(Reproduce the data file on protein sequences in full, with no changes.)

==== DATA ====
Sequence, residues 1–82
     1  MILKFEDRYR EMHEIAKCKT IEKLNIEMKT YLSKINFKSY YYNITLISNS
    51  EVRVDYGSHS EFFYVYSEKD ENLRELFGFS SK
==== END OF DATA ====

Sequence, residues 1–82
     1  MILKFEDRYR EMHEIAKCKT IEKLNIEMKT YLSKINFKSY YYNITLISNS
    51  EVRVDYGSHS EFFYVYSEKD ENLRELFGFS SK